This is a troubled time on and for our planet, our patients, and ourselves. The political, social, and economic divisions in the United States, exacerbated by the COVID pandemic, are widening and causing ever greater cynicism and misunderstanding, as well as significantly increased chronic illness, even as they provoke violence. The Russian invasion is an existential threat to the democracy, the integrity, and the future of Ukraine. Meanwhile, largely unchecked climate change presents what is likely an even greater threat to our health and our future.
These crises often and understandably feel overwhelming to us, as well as our patients, causing significant increases in and exacerbating physical and emotional disorders, and stressing every one of us who is doing our best to serve our patients.
This time of crisis can also be a wake up call, an opportunity to restore the physical, psychological, and social balance that has been disrupted, to mobilize our intellect, imagination, and compassion to embrace the larger mission that is the promise of the posttraumatic growth that all of us can achieve, and the goal of our work as healers.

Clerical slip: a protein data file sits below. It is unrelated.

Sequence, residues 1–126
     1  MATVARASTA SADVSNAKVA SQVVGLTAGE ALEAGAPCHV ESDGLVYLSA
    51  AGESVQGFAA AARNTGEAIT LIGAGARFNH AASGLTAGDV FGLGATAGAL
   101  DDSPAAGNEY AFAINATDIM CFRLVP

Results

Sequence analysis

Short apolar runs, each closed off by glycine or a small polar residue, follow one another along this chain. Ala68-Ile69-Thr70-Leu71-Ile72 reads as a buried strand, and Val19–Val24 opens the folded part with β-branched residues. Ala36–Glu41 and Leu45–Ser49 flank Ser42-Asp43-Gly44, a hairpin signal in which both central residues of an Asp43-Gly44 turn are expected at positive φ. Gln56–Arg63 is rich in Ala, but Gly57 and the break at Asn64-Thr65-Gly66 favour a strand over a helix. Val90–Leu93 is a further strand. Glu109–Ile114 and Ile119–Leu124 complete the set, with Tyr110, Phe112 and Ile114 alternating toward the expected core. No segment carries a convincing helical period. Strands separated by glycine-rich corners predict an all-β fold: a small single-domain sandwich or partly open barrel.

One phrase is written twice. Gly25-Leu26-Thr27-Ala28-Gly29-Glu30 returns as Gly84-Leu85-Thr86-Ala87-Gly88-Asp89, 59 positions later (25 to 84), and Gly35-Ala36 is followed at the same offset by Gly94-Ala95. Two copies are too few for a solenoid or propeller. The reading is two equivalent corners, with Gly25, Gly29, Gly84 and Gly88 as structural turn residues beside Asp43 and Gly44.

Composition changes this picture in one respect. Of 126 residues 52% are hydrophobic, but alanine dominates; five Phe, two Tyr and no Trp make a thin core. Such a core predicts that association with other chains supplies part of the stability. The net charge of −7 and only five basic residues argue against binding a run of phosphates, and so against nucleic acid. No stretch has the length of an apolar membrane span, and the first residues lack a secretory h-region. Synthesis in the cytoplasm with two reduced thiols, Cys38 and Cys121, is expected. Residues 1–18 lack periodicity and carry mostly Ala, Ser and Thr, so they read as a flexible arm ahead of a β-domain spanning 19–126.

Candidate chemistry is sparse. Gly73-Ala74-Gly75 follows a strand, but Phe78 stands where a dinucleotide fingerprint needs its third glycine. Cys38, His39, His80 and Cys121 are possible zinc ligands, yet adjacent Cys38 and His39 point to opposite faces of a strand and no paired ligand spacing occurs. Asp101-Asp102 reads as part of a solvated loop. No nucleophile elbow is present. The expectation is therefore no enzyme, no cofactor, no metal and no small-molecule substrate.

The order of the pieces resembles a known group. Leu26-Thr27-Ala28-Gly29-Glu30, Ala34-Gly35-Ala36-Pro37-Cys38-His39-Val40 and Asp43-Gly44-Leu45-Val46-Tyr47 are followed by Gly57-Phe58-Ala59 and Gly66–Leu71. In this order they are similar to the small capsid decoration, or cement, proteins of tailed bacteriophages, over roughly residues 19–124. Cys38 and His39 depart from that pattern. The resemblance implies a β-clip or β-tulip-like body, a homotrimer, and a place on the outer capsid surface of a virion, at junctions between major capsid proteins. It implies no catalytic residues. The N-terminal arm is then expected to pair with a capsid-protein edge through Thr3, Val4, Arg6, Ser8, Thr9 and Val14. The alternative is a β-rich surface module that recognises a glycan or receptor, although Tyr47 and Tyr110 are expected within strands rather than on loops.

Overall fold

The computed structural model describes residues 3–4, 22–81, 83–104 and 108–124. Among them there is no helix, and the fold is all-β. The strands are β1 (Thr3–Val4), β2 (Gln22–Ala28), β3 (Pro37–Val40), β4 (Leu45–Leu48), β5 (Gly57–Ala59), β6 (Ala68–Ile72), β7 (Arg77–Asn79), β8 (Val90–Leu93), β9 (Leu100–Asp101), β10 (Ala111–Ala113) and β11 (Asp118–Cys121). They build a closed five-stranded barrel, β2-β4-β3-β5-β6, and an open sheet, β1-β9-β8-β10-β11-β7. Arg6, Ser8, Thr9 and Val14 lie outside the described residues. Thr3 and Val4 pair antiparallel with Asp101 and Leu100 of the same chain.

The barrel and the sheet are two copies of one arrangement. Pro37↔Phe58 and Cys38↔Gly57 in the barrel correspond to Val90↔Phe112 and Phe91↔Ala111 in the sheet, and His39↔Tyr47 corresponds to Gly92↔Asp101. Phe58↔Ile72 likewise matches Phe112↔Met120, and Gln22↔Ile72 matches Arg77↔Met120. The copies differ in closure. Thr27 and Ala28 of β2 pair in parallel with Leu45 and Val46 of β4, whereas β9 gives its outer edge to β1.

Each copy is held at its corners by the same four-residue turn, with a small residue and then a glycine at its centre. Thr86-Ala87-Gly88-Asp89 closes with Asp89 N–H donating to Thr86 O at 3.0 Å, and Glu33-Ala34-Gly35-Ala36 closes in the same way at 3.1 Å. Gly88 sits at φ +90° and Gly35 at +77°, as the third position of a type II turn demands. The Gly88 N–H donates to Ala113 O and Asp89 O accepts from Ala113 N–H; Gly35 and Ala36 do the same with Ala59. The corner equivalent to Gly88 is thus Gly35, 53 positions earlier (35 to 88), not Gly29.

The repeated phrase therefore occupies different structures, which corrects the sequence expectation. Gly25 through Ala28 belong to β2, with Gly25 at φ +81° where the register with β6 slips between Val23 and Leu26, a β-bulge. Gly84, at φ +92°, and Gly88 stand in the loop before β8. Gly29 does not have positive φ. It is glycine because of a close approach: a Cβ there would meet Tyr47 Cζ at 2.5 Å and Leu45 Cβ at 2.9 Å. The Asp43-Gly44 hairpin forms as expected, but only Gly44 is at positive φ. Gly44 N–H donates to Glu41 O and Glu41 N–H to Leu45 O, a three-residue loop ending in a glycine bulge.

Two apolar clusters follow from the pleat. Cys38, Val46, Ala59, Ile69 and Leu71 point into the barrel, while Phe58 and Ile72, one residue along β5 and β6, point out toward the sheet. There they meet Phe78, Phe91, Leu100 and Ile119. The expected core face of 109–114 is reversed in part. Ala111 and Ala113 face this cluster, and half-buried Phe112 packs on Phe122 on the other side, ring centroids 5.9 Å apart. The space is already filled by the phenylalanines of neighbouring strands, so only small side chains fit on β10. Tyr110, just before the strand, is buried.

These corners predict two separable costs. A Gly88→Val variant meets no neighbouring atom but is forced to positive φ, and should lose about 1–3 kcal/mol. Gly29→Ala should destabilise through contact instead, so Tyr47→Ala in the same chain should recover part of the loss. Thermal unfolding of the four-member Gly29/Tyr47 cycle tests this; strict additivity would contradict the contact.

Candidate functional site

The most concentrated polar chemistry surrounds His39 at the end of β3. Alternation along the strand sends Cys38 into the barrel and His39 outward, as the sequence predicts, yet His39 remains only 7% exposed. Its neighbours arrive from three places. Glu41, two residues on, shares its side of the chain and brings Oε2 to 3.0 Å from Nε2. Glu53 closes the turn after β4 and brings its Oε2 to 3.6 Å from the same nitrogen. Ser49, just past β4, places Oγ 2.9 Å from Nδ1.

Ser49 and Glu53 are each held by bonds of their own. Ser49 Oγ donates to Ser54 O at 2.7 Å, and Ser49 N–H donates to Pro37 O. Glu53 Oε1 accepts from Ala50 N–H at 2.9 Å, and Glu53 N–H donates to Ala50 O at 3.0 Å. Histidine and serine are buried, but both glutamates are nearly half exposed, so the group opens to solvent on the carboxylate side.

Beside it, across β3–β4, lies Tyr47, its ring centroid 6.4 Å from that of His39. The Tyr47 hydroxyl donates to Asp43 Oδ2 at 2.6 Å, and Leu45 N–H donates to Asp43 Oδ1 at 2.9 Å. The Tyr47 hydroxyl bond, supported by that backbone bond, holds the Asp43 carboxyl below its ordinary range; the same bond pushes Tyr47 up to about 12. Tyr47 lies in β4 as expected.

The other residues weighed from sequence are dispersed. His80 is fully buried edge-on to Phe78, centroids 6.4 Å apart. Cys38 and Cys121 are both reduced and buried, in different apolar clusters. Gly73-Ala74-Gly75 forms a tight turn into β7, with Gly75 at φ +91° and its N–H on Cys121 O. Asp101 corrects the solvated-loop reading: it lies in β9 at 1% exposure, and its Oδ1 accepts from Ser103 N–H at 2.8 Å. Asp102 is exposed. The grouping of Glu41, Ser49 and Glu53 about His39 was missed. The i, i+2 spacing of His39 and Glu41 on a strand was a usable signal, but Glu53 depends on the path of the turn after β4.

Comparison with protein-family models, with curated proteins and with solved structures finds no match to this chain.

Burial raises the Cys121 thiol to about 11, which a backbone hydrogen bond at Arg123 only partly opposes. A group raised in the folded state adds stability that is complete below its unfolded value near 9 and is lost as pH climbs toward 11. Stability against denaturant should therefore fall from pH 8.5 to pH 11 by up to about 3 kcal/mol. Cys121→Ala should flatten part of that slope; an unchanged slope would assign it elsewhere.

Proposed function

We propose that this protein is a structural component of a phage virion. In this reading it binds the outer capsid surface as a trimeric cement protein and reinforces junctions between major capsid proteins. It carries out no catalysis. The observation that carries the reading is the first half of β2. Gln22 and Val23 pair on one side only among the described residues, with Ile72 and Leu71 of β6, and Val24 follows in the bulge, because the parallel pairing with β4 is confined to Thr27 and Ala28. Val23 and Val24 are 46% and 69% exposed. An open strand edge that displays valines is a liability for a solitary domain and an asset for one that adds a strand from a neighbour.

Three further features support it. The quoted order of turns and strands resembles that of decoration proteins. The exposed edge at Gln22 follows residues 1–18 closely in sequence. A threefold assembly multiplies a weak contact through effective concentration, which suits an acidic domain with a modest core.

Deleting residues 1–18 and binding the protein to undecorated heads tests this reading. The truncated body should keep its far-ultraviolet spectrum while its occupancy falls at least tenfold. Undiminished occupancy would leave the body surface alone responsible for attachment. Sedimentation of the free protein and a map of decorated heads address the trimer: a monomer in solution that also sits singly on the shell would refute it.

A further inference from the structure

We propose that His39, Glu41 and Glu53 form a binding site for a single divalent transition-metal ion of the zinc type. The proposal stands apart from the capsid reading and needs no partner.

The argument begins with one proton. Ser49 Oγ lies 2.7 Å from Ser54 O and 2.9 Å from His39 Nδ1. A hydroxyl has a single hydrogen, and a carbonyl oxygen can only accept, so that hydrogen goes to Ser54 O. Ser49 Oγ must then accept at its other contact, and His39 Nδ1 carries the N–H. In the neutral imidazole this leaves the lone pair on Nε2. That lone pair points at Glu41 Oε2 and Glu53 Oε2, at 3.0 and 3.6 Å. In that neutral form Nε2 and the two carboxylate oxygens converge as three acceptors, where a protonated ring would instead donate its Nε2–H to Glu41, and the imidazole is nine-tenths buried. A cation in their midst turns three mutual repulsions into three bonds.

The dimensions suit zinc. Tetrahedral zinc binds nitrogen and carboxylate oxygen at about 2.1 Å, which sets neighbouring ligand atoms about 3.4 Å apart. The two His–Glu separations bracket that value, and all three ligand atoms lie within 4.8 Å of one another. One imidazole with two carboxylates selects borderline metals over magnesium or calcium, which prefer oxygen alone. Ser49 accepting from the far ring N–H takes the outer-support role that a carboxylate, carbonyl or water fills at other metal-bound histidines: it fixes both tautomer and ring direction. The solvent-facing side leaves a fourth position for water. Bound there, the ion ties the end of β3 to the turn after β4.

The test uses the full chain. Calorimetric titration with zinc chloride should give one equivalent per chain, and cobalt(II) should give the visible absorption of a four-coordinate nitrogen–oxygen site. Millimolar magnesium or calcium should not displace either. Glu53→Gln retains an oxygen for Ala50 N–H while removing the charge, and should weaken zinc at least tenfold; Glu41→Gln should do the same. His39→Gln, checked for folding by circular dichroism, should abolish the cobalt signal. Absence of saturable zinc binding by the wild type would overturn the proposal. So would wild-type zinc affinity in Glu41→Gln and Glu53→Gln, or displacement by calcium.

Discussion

In this session, Dr. Gordon, the former chair of the White House Commission on Complementary and Alternative Medicine Policy, and Founder and CEO of The Center for Mind-Body Medicine (CMBM) will share with you his inspiring perspective, as well as examples of how he and his CMBM colleagues have made this promise a reality in their individual practices, with hospitals dealing with COVID-19 overwhelm and burnout, with U.S. communities challenged by school shootings, poverty, climate-related disasters, the opioid epidemic, and historical trauma, and in countries devastated by war, in the Balkans, the Middle East, and Africa, and most recently, Ukraine.
- Describe the larger social forces which are contributing to population-wide psychological trauma and the chronic illness it causes
- List key elements in a successful approach to addressing psychological trauma
- Explain the concept of posttraumatic growth and its relevance to clinical practice and public health